OK, so those are my three ...

... what are yours?

The Headliners: Midnight Oil with Truganini!

There's a road train going nowhere / roads are cut, lines are down ...

Originally posted to BruceMcF on Sun May 09, 2010 at 05:42 PM PDT.

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Comment Preferences

  •  'Blue collar work don't get you nowhere (23+ / 0-)

    You just go round and round in debt
    Somebody's got you on that treadmill, mate
    And I hope you're not beaten yet"

    And the World Won't Stand Still

    Start 2010 with Lesbian Creative Works, 100% Yuri from ALC Publishing

    by BruceMcF on Sun May 09, 2010 at 05:42:42 PM PDT

    •  Capital is Easy, Operating is Not (2+ / 0-)
      Recommended by:
      BruceMcF, Stranded Wind

      Bruce, you know I'm all about spending enough money to get a transit density of NYC in every major city in the United States, but as of now I'm a bit jaded.  How are we going to pay for operating all these lines after we build them?

      It's Electric -

      by The Overhead Wire on Sun May 09, 2010 at 05:57:03 PM PDT

      [ Parent ]

      •  The two options for that are ... (5+ / 0-)

        ... to make it inconvenient and expensive to drive, or to subsidize the rail operations as deeply as we subsidize auto transport.

        Assuming that its the latter, one source of revenue is a property tax on the incremental value of property due to the zoning easement.

        A second is a per space tax on commercial parking.

        And of course, where the operations are petroleum-independent and carbon-emissions reducing, there should be a Federal match to state and local operating subsidies.

        Start 2010 with Lesbian Creative Works, 100% Yuri from ALC Publishing

        by BruceMcF on Sun May 09, 2010 at 06:17:24 PM PDT

        [ Parent ]

      •  How much is the cost of operating automobiles (5+ / 0-)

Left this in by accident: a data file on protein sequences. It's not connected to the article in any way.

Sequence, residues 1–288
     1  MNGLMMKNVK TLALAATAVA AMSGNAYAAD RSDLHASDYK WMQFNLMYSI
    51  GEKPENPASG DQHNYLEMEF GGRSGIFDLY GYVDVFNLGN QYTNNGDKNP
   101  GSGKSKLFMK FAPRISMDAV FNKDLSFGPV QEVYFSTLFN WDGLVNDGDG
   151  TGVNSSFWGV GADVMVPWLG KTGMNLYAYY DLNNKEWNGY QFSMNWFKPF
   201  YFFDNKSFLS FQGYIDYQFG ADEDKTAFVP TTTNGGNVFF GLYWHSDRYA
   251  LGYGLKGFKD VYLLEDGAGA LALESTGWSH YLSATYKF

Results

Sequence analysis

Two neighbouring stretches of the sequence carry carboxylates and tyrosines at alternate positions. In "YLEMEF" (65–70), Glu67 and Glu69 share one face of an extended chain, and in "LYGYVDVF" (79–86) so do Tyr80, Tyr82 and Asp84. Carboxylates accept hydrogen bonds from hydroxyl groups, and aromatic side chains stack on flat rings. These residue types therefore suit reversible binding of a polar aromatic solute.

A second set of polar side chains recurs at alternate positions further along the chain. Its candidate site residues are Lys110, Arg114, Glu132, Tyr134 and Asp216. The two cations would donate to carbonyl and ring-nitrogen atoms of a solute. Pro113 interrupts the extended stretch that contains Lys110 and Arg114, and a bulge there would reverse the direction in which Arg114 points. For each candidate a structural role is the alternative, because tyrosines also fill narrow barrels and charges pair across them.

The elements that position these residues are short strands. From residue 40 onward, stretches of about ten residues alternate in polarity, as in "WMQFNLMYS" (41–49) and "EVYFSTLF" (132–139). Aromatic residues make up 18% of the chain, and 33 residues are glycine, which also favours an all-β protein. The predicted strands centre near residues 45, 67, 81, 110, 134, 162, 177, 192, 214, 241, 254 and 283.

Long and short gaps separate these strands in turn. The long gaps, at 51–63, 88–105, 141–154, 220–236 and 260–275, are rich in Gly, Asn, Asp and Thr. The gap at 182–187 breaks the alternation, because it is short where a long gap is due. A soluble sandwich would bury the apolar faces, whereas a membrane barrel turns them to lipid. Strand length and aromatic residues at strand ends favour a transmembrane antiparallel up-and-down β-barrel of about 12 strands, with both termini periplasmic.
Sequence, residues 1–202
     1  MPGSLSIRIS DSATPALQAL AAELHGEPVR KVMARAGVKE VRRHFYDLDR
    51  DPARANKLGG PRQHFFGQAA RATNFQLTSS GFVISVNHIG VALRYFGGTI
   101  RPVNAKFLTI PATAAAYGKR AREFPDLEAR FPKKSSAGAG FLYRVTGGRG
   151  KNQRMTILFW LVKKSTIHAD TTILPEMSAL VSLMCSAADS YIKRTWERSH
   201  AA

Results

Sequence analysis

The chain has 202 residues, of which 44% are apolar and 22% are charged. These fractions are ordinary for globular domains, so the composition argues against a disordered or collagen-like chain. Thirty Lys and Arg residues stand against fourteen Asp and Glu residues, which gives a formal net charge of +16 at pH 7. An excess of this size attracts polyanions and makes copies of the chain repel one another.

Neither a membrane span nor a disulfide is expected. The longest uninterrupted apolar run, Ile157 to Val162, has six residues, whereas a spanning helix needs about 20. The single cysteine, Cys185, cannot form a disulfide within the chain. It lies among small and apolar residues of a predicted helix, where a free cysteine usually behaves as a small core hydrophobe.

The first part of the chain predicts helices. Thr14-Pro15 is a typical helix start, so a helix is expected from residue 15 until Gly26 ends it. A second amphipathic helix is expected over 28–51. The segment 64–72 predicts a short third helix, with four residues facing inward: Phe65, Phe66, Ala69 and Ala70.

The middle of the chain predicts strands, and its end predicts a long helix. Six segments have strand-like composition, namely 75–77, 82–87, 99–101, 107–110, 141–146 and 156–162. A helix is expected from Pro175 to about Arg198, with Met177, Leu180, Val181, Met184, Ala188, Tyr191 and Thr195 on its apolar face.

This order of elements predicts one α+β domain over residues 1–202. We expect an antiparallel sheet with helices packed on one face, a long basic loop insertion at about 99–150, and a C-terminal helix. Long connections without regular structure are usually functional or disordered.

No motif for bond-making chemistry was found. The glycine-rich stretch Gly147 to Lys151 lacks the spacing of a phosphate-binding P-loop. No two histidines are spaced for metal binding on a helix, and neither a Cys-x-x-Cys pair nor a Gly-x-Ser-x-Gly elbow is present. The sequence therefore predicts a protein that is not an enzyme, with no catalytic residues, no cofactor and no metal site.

that will be avoided by folks riding convenient transit?

        Interesting things happen when folks are already using stuff; they tend to have less trouble paying for it than when they think they are paying for others to use it.

        It would be interesting to see what operating deficits for transit were over the past 100 years.  And how they were covered.  Has there ever been a period when transit operating costs were unsubsidized?

        I know that a lot of trolley systems were loss leaders to lock municipalities with emerging regional power companies.  The trolley systems essentially ran off of the unused generating capacity.

        The second thing to do is de-subsidize automobiles.  And redirect the funds to transit operation.

        50 states, 210 media market, 435 Congressional Districts, 3080 counties, 192,480 precincts

        by TarheelDem on Sun May 09, 2010 at 06:23:56 PM PDT

        [ Parent ]

      •  And note that 'Capital is Easy' ... (5+ / 0-)

        ... is not a consequence of any physical distinction between the two. For local transport that have the operating deficits on passenger revenues that they ought to have ... the operations can be "partially subsidized" by the farebox, if we wish to look at it that way, but there is nothing left over for capital spending.

        What makes "capital easy" is purely institutional rules that we have imposed on ourselves, that capital spending can be subsidized at a rate of up to 80:20 federal:local, while operating subsidies have to be provided entirely by state and local authorities.

        But there is no natural law at work there, that is just the way we decided to do things in order to pander to suburban voters in the 1980's. If suburban voters are getting dedicated transport corridor common carrier services that they actually wish to use, as opposed to what is seen as a welfare-subsidy bus service, that can be reversed.

        Further, making capital easier also makes operating deficits easier to cope with - with a capital account system, with the choice between funding different qualifying accounts up to the local authority, then local authorities can choose routes for their prospective operating account performance. It is not uncommon to face a trade-off between size of capital spend and size of operating deficit - that is precisely the bind that Caltrain is in, needing to find some way to electrify to cut operating costs and increase farebox revenue as a result of reduced trip times ... or else face the prospect of shutting down.

        And of course if state transit authorities are not working out how to come up with state and local capital matches of sometimes over 50%, then the same funds can be devoted to operation. One part of the qualifying benchmark would have to be an acceptable and fully committed business plan for actually providing services on the corridor to receive funding.